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The bitter fighting in Syria seems to grow worse by the day, yet the rebels and the government do occasionally manage to work out something that requires each side to trust the other: prisoner swaps.
In one recent exchange, two women held by the government were freed in exchange for seven men who were fighting on behalf President Bashar Assad's regime.
After being freed near the Mediterranean coastal city of Latakia, the two women traveled across the border to Antakya, Turkey, and agreed to be interviewed. The women and their negotiator squeezed together on a living room sofa to tell the story.
Alaa Moralli, 22, and Majida Mahmoud, 40, had documented anti-government protests in Latakia and were arrested and jailed by the Syrian government in June.
The negotiator, Haitham Tarboosh, a former real estate agent, is now a rebel commander wearing freshly pressed green fatigues.
When Moralli first heard that she might be released, she refused to believe it.
"I thought this was another game the regime was playing. I said, 'No, you are lying. I'm not going anywhere with you,' " she says.
Caught In A Propaganda War
There were reasons for her doubts. After her arrest, she says, she was forced to make a confession that was broadcast on Syrian state TV, and it was considered a propaganda coup for the government.
In this broadcast, she said that before her arrest she had sent fake news reports about the uprising in her home city to Arabic satellite channels.
Syrian officials routinely charge that Western and Arabic media broadcast fabricated stories about Syria as part of a Western-backed conspiracy.
Her televised statement was posted on Facebook by thousands of Syrians.
"I wasn't tortured," she says now. "They would just make me hear the sound of people being tortured. Before they recorded that video of me there was a 15-year-old boy being tortured. And I thought if I would just say [what the government wanted] they would release me."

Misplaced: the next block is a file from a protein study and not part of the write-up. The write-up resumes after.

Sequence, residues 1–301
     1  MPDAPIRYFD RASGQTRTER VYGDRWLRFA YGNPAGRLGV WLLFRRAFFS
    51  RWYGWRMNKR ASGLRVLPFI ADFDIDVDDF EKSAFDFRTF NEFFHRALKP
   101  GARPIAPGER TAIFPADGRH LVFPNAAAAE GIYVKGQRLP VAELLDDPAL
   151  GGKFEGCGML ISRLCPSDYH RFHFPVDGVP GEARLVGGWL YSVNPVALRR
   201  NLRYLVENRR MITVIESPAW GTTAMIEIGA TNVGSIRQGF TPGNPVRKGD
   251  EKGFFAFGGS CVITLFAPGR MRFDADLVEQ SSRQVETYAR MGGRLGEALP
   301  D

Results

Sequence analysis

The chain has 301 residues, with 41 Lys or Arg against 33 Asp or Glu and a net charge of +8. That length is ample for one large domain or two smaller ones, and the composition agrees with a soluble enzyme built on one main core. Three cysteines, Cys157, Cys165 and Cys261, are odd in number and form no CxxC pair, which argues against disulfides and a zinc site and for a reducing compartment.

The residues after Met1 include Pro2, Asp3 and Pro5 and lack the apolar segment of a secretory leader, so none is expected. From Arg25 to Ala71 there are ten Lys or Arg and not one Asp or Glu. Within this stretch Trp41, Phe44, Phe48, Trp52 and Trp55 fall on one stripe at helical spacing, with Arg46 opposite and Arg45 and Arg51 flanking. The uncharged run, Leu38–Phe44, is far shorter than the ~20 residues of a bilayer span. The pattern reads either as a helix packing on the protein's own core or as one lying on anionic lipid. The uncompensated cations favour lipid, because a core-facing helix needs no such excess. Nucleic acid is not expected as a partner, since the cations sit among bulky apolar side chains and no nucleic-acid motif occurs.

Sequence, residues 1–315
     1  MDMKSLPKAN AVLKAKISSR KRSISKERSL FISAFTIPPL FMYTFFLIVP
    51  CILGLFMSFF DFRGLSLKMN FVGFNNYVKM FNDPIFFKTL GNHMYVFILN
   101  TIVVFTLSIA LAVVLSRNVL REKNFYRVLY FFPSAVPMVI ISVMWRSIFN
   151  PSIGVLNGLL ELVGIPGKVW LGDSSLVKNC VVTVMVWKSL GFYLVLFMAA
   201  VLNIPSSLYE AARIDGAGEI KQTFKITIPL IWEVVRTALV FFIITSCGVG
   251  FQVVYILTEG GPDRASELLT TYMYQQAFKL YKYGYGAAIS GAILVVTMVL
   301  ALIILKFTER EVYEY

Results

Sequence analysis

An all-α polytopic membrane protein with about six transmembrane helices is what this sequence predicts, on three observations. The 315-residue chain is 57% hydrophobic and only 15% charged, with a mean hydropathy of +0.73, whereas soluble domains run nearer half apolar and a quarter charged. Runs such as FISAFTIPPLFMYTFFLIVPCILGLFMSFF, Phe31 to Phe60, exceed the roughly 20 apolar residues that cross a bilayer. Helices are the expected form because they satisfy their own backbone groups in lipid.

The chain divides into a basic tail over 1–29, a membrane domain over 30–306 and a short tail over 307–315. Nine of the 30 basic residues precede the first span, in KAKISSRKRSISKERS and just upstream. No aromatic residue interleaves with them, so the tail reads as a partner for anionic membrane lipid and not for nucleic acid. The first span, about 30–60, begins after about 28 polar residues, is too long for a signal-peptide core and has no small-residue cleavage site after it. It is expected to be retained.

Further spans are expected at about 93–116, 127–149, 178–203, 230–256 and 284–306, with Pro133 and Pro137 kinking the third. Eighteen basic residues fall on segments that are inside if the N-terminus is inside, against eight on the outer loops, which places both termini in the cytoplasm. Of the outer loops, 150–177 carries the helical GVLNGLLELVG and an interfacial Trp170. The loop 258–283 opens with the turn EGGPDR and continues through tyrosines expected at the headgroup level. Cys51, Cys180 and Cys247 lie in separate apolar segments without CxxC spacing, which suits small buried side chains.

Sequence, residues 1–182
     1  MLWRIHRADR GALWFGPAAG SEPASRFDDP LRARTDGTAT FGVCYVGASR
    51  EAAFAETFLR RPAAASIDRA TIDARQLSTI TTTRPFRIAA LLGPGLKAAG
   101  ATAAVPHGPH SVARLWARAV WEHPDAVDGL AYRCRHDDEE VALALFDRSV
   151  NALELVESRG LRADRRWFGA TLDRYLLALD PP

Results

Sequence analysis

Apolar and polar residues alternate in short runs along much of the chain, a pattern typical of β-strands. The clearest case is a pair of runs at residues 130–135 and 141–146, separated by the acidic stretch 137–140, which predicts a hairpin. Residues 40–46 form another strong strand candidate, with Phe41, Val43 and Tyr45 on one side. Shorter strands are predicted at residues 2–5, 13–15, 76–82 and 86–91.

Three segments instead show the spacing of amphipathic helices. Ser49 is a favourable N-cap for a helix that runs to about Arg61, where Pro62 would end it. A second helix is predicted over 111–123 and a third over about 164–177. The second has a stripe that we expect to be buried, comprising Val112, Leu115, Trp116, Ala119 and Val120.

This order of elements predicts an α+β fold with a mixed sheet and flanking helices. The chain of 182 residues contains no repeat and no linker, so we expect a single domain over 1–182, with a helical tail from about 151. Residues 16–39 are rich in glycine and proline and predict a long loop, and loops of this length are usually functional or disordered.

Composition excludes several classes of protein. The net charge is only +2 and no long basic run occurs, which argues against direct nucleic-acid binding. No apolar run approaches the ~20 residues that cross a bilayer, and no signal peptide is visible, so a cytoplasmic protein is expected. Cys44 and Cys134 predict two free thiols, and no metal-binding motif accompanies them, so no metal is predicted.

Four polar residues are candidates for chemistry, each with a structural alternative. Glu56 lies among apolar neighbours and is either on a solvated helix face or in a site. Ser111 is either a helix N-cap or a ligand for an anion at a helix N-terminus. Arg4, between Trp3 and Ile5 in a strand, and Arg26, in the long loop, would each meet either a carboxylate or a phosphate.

Her release finally came when a rebel brigade called the Hawks of the Syrian Coast negotiated the exchange.
Tarboosh, the negotiator, says his brigade holds some 80 prisoners, a combination of security police and civilian militamen known as "shabiha," who were captured in battles around Latakia.
Prisoners Call Home
Tarboosh allowed the prisoners to call home. It was a gesture that shows some social customs still survive even in this brutal civil war.
"The prisoners would call their families from my phone," he says. "Every second day we would allow them to talk to their families."
And soon the families started calling Tarboosh.
"So, all the 80 families would talk to us — and they wanted their sons," he says.
The families, all supporters of the Assad regime, then pressed government officials to make a deal, says Tarboosh. But such negotiations require trust — trust that both sides will deliver and not set a trap.
"There is no trust between us. We don't trust this regime," Tarboosh says. "Deliver and you get a delivery is the rule."
The "delivery" was a remarkable success, with every step documented by the rebels.
In a video, two cars arrived on the highway outside of Latakia, where the prisoners from both sides walked to freedom. And when it was over, the rebels made another video of their own propaganda coup.
In this video, Alaa Moralli, just released from 65 days in prison, looks a little startled to be cradling an AK-47 rifle. Tarboosh, the negotiator, reads out a statement claiming a victory over the Assad regime.
But the larger message — the successful swap of prisoners — shows that even during a brutal war, families matter, as do old connections from before the war. And communication is sometimes still possible.
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